Ukraine latest: Russia defiant in face of Western sanction threats

Russia's grip on the disputed Ukrainian region appeared to tighten, one day after the Crimean parliament voted to join Russia

The rift between Russia and Western nations over its military incursion into the Crimean peninsula showed no sign of healing as Moscow vowed to retaliate against punitive steps taken by the European Union and the United States.

“Russia will not accept the language of sanctions and threats,” the Russian foreign ministry said.

As the diplomatic stand-off festered, so Moscow’s grip on the disputed Ukrainian region appeared to tighten, one day after the Crimean parliament voted to join Russia, and its government announced a referendum on its future, set for 16 March. A top Ukrainian border official said there were now 30,000 Russian soldiers deployed in Crimea.

First rounds of measures designed to exert pressure on Moscow to change course on Crimea appeared to have had no initial effect; nor did a phone call from President Barack Obama to his Russian counterpart, Vladimir Putin, late on Thursday, pleading for a diplomatic way out of the crisis that would protect Ukrainian borders.

Moscow branded an EU decision to suspend talks on improving EU-Russia ties and easing mutual visa requirements “absolutely unconstructive”, adding the country would retaliate against such sanctions. Vladimir Chizhov, the Russian ambassador to the EU, told Russian news agencies: “If someone thinks they can scare us with such horror stories ... they are deeply mistaken.”

The Kremlin acknowledged that after the hour-long talk between Mr Putin and Mr Obama the two remained far apart. It said Mr Putin argued that he had been obliged to assist the majority ethnic Russian community in Crimea after last month’s ousting of President Viktor Yanukovych.

“Russia cannot ignore calls for help,” it added.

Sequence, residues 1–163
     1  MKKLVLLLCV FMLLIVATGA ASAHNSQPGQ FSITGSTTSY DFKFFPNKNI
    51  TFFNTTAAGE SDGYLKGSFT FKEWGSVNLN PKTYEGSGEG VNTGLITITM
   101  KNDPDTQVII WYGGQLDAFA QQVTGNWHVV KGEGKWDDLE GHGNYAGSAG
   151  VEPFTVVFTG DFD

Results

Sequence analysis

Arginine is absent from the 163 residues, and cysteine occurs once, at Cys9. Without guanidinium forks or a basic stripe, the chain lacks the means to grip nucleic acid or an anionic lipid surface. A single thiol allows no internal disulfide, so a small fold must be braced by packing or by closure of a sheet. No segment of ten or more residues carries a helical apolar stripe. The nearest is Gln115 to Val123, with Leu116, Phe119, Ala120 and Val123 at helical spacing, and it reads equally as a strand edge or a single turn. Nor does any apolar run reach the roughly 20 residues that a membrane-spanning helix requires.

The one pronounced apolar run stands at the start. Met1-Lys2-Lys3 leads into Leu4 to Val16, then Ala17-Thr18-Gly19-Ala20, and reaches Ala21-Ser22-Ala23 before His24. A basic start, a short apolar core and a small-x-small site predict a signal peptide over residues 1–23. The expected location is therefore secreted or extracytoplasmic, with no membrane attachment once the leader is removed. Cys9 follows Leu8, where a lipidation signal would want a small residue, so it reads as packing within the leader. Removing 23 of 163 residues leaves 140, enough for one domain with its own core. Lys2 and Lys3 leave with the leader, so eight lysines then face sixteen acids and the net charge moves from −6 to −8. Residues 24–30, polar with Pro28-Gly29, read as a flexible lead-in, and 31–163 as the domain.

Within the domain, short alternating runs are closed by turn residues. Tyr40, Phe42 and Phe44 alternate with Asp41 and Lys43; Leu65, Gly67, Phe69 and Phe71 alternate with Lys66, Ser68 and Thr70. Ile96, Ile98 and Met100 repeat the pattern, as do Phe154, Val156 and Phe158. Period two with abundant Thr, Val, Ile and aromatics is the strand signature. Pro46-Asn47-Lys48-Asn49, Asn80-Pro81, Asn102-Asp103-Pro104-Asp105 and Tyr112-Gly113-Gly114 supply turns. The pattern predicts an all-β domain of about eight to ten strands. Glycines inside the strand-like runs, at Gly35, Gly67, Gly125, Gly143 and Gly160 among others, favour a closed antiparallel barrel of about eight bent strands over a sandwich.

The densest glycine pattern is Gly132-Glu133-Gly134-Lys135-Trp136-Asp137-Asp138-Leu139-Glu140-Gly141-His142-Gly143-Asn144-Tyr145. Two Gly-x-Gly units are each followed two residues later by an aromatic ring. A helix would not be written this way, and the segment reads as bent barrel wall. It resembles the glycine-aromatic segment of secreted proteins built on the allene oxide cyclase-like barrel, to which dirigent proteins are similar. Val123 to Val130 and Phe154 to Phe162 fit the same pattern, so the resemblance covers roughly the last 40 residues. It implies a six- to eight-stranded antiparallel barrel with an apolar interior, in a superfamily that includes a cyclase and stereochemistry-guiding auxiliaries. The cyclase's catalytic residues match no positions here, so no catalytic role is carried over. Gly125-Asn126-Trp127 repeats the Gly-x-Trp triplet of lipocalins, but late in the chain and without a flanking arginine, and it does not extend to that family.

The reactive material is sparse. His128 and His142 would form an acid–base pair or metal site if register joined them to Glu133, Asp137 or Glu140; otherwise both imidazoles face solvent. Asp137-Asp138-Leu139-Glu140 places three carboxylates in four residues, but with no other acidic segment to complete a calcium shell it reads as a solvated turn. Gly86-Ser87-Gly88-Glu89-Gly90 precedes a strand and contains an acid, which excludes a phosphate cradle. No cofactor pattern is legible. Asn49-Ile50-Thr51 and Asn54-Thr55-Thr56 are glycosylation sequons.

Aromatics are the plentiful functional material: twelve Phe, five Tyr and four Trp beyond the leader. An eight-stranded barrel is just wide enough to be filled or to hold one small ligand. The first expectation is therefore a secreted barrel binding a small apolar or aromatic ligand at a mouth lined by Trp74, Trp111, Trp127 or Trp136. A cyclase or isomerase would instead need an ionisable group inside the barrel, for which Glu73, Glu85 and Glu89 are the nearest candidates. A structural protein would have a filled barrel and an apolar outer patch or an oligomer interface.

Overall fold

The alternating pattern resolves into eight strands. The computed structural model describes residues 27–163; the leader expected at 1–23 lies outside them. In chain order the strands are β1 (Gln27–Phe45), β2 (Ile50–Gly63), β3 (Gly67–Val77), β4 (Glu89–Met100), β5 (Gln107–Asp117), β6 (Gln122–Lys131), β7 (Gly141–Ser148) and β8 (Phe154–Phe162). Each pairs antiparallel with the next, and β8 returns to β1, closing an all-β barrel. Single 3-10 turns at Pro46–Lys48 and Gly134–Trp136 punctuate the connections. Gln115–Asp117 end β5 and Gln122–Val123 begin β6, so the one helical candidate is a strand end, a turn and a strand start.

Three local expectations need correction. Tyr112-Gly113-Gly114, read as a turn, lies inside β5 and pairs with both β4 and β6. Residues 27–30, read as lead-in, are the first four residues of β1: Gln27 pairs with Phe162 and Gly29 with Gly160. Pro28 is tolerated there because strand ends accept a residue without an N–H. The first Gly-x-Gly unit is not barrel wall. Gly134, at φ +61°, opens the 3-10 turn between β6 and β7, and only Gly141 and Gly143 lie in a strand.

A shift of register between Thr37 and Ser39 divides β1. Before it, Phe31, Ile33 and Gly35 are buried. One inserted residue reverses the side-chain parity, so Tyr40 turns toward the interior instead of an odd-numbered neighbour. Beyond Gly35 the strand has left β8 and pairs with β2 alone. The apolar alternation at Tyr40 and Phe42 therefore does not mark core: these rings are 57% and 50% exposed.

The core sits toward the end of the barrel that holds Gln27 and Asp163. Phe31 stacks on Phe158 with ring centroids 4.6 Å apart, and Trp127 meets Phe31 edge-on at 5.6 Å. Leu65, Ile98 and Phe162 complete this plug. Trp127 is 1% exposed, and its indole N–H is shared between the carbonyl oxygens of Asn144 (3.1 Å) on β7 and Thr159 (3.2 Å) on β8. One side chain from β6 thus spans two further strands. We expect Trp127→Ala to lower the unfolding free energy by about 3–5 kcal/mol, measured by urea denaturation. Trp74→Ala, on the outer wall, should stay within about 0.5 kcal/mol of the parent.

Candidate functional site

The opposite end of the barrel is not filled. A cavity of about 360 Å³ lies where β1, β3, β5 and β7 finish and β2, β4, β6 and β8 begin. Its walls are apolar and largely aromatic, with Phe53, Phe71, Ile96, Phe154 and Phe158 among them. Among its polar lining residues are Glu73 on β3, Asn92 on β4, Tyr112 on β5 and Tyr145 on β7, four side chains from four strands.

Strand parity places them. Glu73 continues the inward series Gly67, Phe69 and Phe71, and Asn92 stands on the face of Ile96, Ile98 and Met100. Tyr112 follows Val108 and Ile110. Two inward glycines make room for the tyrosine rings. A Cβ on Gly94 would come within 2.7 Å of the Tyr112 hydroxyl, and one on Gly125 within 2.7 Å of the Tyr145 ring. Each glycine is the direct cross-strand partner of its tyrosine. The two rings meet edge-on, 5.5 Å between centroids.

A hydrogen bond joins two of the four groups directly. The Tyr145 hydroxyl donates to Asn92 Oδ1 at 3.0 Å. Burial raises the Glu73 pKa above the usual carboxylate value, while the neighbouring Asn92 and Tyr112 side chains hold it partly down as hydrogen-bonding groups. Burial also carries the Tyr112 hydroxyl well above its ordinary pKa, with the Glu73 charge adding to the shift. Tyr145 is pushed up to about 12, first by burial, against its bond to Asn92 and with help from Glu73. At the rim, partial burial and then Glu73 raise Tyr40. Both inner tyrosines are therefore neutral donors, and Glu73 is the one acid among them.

Shortly before the Obama-Putin conversation, Washington announced visa bans on individuals considered to have contributed to the violation of Ukraine’s territorial identity. They are thought to number about 12 people, including a few Ukrainians as well as Russians. Meanwhile, today, a US destroyer, the USS Truxtun, entered the Black Sea for what officials said was a routine deployment arranged before the Crimean crisis.

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There was meanwhile a sharp warning from French Foreign Minister Laurent Fabius yesterday, that unless it ordered a return of all its soldiers to barracks in Crimea, Russia could face additional EU sanctions. “It could be freezing assets ... cancellations ... refusing visas,” he said. Japan meanwhile voiced support for co-ordinated sanctions.

Furthering Western frustration, a delegation of unarmed military observers from the pan-European Organisation for Security and Cooperation in Europe was blocked from entering Crimea for a second day in a row today.

The Ukrainian Prime Minister, Arseny Yatseniuk, whose new government has been promised billions in economic support by Washington and Brussels, said in Kiev that no Western government would recognise the result of the “so-called referendum” in Crimea. He reiterated a promise to negotiate with Moscow if it pulls its additional troops out of Crimea, and said he had requested a telephone call with Russian Prime Minister Dmitry Medvedev.

In Moscow, however, about 65,000 Putin supporters held a rally organised by authorities outside the Kremlin in support of making Crimea part of the Russian Federation. The leader of the Russian parliament’s upper house, Valentina Matvienko –after holding talks with Crimean parliament chairman Vladimir Konstantinov – told the crowd the country would welcome Crimea as “an absolutely equal subject of the Russian Federation” if it votes in the referendum to join it.

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